Goetz Collection

Oberföhringer Straße 103
81925 Munich
Germany

Tel. +49 (0)89 9593969-0
Fax. +49 (0)89 9593969-69

info@sammlung-goetz.de

Information on visiting Sammlung Goetz

Information for the disabled on visiting Sammlung Goetz



opening hours How to find us Contact

Visitation is possible during opening hours:

Please select an appointment on our login page. The appointment time indicates the span for your entry but not the duration of your stay. Further information on tours and our special events can be found here.


Größere Kartenansicht

Take the Subway U4 to "Richard-Strauss-Straße". Change here for bus # 188 (direction Unterföhring, Fichtenstraße) to bus stop "Bürgerpark Oberföhring".

Take the streetcar # 16 or # 18, or bus # 54 or # 154 to "Herkomerplatz". Change here for bus # 188 (direction Unterföhring, Fichtenstraße) to bus stop "Bürgerpark Oberföhring".

Individual timetable information:
http://www.mvv-muenchen.de/static_languages/en/home/index.html

Search results

Treffer
Andreas Slominski
May 25 – September 18, 2010 | Goetz Collection

Andreas Slominski’s predominantly conceptual oeuvre features sculptural objects and performances, often addressing everyday objects and placing them in a new context. Slominski’s art is seductive. It lures the viewer into a trap in which firmly held perceptions are called into question; it dazzles and at the same time demands closer scrutiny.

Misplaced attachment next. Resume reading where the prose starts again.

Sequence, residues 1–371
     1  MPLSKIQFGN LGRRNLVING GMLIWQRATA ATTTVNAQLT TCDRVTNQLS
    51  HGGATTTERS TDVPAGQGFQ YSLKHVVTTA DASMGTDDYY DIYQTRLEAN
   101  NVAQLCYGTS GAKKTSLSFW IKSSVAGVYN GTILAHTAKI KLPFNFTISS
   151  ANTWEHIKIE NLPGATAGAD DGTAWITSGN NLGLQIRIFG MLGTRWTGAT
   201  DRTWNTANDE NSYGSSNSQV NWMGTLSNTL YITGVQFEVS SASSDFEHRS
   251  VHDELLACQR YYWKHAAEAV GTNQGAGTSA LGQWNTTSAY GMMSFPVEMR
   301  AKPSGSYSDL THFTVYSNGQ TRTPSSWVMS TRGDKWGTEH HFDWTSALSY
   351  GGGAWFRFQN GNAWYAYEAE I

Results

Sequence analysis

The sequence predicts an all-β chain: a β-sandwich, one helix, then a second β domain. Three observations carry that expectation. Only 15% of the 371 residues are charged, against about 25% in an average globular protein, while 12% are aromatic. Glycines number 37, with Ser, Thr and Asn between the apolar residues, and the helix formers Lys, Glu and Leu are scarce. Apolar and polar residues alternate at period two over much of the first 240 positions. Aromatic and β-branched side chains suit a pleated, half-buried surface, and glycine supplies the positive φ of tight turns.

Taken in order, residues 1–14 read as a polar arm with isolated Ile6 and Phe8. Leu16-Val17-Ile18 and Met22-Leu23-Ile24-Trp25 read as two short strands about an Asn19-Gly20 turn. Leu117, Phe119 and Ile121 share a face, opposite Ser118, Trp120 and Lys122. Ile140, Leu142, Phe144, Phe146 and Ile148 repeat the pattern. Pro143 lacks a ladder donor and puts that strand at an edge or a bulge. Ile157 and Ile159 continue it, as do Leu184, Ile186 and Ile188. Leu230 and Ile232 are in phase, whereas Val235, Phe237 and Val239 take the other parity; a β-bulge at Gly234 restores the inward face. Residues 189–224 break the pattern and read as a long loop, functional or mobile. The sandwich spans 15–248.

Slominski first burst onto the international scene with the traps that have been an integral part of his oeuvre since the mid-1980s. This exhibition opened with his Rattenfalle (Rat Trap), 1998, Trap for Birds of Prey, 1999, and Vogelfalle (Bird Trap), 2000. The trap is both a mechanical instrument and a metaphor, functioning through the power of enticement by setting out bait that momentarily dazzles. Once the trap snaps closed, its captive is suddenly exposed to a physical, emotional or intellectual shock that generates an energetic outburst of feelings. The trap embodies power, deception and dominion as well as underhand slyness. The artist plays on familiar connotations, with the result that the viewer often feels caught out and even victimised.
Models of mills form another important component of Slominksi’s work. He is interested in the many different functions they perform, both physically and associatively, which may not necessarily be immediately evident. Presenting them in miniature form breaks the mould of the original function.
In Slominski’s Styrofoam Pictures group, the genres of painting and sculpture blend into a kind of “combine painting” in which the lightness of the material contrasts with the heaviness of the glazing and aluminium frames. The hand-crafted three-dimensional objects made of different man-made materials integrated into the reliev background can be constantly rearranged by the artist.

Andreas Slominski (born 1959 in Meppen, Germany) lives and works in Hamburg.